Harry Davidson, W.S. Edinburgh, 1820

Letters from the past

"Missing banknotes sent in the mail, 1820"

Harry Davidson Esq Writer to the Signet, Edinburgh

From Duncan Campbell, Inveraray, 1820

This letter is written on a very large sheet of paper with a very interesting watermark.

We have many different watermarks on our various old letters, but have never seen this one before. It does not have the name of the papermaker under this shield and crown, and the year 1814 is on the other half of the paper, not shown in this illustration.

The letter is sealed with the use of a beautiful signet ring, which has what looks like a swan standing with a motto above the head BE MINDFUL and at the bottom of the seal, the initials D C in a very fancy script. These are obviously the writer Duncan Campbell’s initials.


It has three postal markings 1) a poorly applied boxed INVERARAY mileage mark 464 - G where it was lodged, (the town name is usually written as INVERARY)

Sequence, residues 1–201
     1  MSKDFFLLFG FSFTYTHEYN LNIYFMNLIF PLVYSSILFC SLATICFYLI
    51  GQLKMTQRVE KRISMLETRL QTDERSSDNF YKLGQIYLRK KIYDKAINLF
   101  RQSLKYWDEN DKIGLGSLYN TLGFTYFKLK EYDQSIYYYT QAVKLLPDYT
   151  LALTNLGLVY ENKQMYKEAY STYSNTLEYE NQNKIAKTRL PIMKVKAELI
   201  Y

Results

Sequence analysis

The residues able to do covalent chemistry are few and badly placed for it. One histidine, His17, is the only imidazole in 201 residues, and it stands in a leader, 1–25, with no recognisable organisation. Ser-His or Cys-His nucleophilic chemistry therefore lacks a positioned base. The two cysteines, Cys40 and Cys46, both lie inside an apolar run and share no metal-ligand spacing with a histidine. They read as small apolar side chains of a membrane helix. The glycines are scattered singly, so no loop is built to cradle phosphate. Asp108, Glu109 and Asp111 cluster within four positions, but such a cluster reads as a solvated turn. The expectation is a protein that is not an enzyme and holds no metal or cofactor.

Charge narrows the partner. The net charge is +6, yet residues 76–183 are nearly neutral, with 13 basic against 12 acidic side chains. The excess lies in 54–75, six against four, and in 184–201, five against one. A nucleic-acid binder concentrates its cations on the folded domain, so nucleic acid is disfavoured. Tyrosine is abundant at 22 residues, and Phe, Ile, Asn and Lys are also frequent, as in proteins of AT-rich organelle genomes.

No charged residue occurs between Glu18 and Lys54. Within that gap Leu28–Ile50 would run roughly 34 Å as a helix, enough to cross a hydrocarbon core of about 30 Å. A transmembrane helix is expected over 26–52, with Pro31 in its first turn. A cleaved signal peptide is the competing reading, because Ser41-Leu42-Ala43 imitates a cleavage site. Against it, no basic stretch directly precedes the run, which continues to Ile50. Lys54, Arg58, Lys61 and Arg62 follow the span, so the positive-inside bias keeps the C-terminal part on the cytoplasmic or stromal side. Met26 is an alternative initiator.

2) the charge mark of 4/6-1/2, which would have had to be paid by the addressee, and then

3) the Circular date stamp from Edinburgh on arrival FEB 10 1820 with B on the left to identify the hand stamp and M on the right to show it was dealt with in the morning.

Rockhill 7d ffeby 1820

Dear Sir,
Since writing you of this date with £353. 6/8 in Bank notes, I found the cover too small for the whole. I have therefore taken out of that letter £100 Stg of £5 notes which you will please receive inclosed and I remain

Dear Sir
Yours truly
Dunc. Campbell


This postage charge seems enormous, and to work out the cost, the mileage involved has to be known. The distance between these two towns via Glasgow, is about 110 miles, within the range of 80 to 120 miles which is a basic cost of 9d. So to make up the 4/6 this would be 6 times the basic rate, plus the additional halfpenny Scottish mail tax. The contents of the letter explains why it was charged so much above the basic rate.

So the answer to the high cost of postage is that this sheet of paper would have been folded and would have held 20 of the English Five-Pound notes, which counted as an enclosure and would then be weighed to work out the charges. There was a daily mail coach between the two places, and on the map it does not look to be a great distance. A perfect temptation to the rogues who held up the mail coaches to rob the contents of the mail bags.

Copyright By EARS Leisurewrite
Reference: ‘ Great Britain Post Roads Post Towns and Postal Rates 1635-1839 Alan W. Robertson ’

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